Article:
Violent school threats, including bomb threats, have escalated in recent years. A study from the U.S. based National School Safety and Security Services found that there had been 812 occurrences in the United States in the first half of 2014, a 153% increase since the previous year.1 The vast majority of these threats were hoaxes2 that must be carefully assessed on a case by case basis.

Comparative Canadian data is not available3 as Statistics Canada does not have a separate category for bomb threats.4 Nonetheless, bomb threats are becoming a regular feature of the Canadian school experience due in part to the anonymity and the broad platform that social media delivers. The majority of bomb threats are now received over social media5, and this presents a unique challenge to educators who must decide whether or not to evacuate a school.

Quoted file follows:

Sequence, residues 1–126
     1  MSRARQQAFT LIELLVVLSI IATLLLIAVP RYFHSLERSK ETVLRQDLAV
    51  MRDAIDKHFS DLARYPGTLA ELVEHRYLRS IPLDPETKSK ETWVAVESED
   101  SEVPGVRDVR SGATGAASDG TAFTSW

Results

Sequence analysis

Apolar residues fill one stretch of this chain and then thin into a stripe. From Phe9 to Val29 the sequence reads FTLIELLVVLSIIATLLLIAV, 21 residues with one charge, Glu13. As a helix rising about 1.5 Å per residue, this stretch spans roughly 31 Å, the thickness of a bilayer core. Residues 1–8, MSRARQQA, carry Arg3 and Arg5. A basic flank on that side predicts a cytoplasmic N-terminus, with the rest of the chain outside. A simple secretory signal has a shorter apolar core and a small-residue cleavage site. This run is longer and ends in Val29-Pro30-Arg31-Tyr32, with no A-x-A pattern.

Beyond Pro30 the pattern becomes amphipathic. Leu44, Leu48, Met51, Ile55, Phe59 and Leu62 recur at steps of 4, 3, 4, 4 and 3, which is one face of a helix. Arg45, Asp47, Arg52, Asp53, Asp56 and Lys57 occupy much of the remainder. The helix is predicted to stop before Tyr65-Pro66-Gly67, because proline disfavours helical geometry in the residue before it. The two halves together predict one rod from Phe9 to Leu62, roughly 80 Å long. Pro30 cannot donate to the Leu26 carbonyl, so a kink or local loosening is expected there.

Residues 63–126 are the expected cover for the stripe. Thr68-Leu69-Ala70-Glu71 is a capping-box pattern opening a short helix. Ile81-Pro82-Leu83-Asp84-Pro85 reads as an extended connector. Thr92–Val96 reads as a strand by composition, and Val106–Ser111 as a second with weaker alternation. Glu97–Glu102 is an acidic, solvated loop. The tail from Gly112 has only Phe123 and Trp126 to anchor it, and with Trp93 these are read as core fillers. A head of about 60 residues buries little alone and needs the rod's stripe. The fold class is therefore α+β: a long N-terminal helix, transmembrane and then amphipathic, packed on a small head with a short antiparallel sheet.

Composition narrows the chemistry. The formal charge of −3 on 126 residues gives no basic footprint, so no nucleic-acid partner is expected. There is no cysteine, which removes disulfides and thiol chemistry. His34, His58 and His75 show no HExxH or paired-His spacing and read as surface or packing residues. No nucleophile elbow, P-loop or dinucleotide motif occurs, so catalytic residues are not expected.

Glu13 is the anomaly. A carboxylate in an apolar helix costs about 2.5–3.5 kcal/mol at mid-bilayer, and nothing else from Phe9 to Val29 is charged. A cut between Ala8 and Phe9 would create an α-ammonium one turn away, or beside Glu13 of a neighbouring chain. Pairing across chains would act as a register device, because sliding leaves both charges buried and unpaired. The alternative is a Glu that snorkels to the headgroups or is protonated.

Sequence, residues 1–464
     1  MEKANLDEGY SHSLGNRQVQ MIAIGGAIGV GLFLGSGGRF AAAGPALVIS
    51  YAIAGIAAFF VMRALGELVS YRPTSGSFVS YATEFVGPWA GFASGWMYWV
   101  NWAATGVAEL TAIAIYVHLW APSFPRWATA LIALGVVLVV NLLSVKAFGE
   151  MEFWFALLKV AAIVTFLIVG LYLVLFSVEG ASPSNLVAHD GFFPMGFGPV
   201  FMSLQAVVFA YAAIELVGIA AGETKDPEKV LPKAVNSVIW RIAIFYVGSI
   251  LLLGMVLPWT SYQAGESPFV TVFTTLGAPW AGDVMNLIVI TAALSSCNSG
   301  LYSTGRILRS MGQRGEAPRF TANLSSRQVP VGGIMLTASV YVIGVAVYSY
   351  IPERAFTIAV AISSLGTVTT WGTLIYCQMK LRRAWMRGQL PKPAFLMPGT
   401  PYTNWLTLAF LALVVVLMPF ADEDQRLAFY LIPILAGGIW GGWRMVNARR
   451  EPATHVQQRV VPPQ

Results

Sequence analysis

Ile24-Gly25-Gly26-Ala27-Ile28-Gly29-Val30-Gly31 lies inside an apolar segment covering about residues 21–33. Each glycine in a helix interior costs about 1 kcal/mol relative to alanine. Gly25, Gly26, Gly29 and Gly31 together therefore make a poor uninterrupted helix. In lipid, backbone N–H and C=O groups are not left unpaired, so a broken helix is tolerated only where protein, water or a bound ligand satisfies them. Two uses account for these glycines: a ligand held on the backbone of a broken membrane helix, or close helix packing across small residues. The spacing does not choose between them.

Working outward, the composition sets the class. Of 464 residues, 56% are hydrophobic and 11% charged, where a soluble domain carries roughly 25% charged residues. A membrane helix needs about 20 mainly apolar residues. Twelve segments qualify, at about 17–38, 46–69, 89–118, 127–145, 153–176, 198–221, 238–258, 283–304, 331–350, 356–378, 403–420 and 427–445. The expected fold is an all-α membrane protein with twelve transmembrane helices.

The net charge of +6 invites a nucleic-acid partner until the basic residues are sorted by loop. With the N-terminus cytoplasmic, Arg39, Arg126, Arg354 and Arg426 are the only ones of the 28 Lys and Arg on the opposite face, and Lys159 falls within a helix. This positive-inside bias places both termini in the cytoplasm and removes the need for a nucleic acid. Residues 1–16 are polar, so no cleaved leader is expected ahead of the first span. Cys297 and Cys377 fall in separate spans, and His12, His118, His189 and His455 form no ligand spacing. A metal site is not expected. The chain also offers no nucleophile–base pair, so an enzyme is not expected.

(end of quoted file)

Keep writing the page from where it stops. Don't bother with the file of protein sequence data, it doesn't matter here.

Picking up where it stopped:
In response to the changing landscape of school security the Ministry of Education recently released a new Bomb Threat Protocol.6 As of September 2016, school boards and local police are expected to have revised their own local protocols to include best practices for bomb threats in each school's Emergency and Crisis Response Plan.7

While most of what the policy provides is termed "Effective Practices" arises from the recommendation of the Ontario Association of Chiefs of Police, there are two mandatory requirements.

  1. All publicly funded elementary and secondary school boards establish a bomb threat response policy to ensure the development and implementation of individual school plans.
  2. Each board must ensure that its staff, students and other partners are aware of their obligations/responsibilities within the individual school plans.

The following are some commonly asked questions about the new policy:

What Is The Role of the Principal in the New Policy?

The principal is responsible for: